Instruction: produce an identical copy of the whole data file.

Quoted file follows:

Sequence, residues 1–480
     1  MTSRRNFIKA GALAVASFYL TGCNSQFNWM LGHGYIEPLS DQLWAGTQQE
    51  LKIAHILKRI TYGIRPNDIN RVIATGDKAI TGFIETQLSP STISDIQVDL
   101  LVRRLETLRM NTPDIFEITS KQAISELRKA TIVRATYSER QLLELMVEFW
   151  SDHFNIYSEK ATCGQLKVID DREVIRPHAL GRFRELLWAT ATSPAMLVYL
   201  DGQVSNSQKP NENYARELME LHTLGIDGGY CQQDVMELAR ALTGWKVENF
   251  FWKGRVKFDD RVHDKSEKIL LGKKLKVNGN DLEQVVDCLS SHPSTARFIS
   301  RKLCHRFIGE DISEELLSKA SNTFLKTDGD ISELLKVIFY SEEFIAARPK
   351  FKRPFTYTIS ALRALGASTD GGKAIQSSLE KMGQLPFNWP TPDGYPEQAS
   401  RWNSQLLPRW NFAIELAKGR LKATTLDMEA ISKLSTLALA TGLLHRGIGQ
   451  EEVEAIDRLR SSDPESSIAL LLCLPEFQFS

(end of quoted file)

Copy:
Sequence, residues 1–480
     1  MTSRRNFIKA GALAVASFYL TGCNSQFNWM LGHGYIEPLS DQLWAGTQQE
    51  LKIAHILKRI TYGIRPNDIN RVIATGDKAI TGFIETQLSP STISDIQVDL
   101  LVRRLETLRM NTPDIFEITS KQAISELRKA TIVRATYSER QLLELMVEFW
   151  SDHFNIYSEK ATCGQLKVID DREVIRPHAL GRFRELLWAT ATSPAMLVYL
   201  DGQVSNSQKP NENYARELME LHTLGIDGGY CQQDVMELAR ALTGWKVENF
   251  FWKGRVKFDD RVHDKSEKIL LGKKLKVNGN DLEQVVDCLS SHPSTARFIS
   301  RKLCHRFIGE DISEELLSKA SNTFLKTDGD ISELLKVIFY SEEFIAARPK
   351  FKRPFTYTIS ALRALGASTD GGKAIQSSLE KMGQLPFNWP TPDGYPEQAS
   401  RWNSQLLPRW NFAIELAKGR LKATTLDMEA ISKLSTLALA TGLLHRGIGQ
   451  EEVEAIDRLR SSDPESSIAL LLCLPEFQFS